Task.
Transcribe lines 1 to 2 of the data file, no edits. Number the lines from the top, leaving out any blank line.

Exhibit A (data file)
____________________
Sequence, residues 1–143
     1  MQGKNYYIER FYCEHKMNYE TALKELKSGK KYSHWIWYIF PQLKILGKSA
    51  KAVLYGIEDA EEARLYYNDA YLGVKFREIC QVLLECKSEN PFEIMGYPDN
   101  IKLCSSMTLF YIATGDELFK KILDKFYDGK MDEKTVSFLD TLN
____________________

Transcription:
Sequence, residues 1–143
     1  MQGKNYYIER FYCEHKMNYE TALKELKSGK KYSHWIWYIF PQLKILGKSA